Ericsson (NASDAQ:ERIC, news, filings) is getting into the data center business. Today at MWC in Barcelona they launched both a new service for building and optimizing data centers and a platform for network-enabled clouds to take advantage of them. Telecom operators worldwide have been maneuvering to leverage the cloud to boost their enterprise business, and Ericsson is clearly looking to grow its service business by riding that trend.
The Data Center Build and Optimizaiton offering promises to improve the planning, design and implementation of the coming buildouts. The product is complementary to Ericsson's other telecom services, in which it helps to operate and maintain providers' networks. For example, they took over much of that work for Sprint a year and a half ago, both for wireless and wireline. Now they will be helping such operators build and optimize the data centers that are becoming an increasingly critical piece of the puzzle for their customers.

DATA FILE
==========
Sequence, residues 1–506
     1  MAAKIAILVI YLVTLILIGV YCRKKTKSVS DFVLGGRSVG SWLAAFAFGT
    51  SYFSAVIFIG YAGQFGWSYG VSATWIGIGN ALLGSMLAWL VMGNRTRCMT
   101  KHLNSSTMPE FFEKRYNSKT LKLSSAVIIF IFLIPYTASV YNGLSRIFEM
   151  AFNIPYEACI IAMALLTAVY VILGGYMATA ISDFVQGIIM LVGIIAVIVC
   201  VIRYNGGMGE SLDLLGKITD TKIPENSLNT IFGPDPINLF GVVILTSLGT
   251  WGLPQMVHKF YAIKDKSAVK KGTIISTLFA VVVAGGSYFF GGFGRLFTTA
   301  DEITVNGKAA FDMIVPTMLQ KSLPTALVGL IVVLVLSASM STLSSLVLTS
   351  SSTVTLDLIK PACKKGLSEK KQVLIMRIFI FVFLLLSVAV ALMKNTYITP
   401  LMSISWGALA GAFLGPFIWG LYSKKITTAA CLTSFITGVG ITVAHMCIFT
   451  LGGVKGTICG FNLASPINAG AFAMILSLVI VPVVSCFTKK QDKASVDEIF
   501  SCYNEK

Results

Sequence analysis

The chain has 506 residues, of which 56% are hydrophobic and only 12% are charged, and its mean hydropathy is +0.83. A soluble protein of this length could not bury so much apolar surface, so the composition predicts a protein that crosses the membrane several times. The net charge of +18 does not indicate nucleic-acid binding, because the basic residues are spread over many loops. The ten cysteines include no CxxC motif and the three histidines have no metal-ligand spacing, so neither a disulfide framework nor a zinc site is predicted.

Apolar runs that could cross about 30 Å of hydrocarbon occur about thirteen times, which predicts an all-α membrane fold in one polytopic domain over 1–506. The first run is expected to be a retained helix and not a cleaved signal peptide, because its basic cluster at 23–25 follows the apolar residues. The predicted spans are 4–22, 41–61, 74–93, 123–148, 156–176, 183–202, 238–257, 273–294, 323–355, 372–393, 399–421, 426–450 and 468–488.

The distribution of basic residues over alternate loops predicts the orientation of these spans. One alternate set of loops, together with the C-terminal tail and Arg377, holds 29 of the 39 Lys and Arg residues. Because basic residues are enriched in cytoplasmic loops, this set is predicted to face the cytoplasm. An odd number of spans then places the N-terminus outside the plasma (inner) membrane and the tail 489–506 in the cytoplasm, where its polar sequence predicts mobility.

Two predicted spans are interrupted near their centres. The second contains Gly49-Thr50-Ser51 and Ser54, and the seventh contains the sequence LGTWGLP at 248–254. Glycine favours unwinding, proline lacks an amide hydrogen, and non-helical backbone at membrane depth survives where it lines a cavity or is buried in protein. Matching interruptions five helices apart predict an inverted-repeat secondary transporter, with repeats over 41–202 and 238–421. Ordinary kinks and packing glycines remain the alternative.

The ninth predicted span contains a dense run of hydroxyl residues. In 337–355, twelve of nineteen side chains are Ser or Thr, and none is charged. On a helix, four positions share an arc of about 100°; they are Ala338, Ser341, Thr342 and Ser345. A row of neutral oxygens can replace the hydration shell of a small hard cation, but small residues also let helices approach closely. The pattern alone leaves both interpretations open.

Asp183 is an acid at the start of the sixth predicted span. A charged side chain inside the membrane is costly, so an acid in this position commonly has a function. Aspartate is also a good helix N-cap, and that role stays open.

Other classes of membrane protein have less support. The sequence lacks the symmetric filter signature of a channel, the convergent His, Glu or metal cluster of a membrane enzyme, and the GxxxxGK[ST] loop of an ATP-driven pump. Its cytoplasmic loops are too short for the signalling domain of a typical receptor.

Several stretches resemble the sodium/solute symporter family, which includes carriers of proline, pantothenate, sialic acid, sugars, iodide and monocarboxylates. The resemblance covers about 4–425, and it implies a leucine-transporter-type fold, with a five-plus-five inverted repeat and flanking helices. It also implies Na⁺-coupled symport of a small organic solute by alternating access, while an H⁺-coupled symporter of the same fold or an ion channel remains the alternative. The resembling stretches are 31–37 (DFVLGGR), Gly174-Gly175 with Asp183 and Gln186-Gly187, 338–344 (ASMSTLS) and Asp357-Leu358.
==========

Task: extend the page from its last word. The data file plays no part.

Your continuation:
Of course, the large telecoms Ericsson serves have long built and maintained their own facilities. But the cloud revolution has been focused on the more modern carrier-neutral type of colocation facility, as opposed to telco colocation -- which is why the Verizons and CenturyLinks have been buying things like Terremark and Savvis rather than building them. It's really a different type of buildout than they've done in the past, and hence it does seem like a smart idea for Ericsson to make some money by helping them bridge that gap.
Meanwhile, Ericsson is also introducing a Network-enabled Cloud platform. This also is aimed squarely at the needs of large telecoms, who have been making the case that their ability to pair network assets with the cloud is a key advantage. That advantage is theoretical until the underlying infrastructure is integrated into something greater than the sum of the parts. That's a non-trivial piece, and hence an opportunity.
It's interesting that Ericsson decided to unveil this at a wireless conference, which goes to show just how far the pendulum is swinging toward mobile data and services. Will this effort bear fruit? Don't ask me, I never thought telecom operators would outsource network operations themselves.
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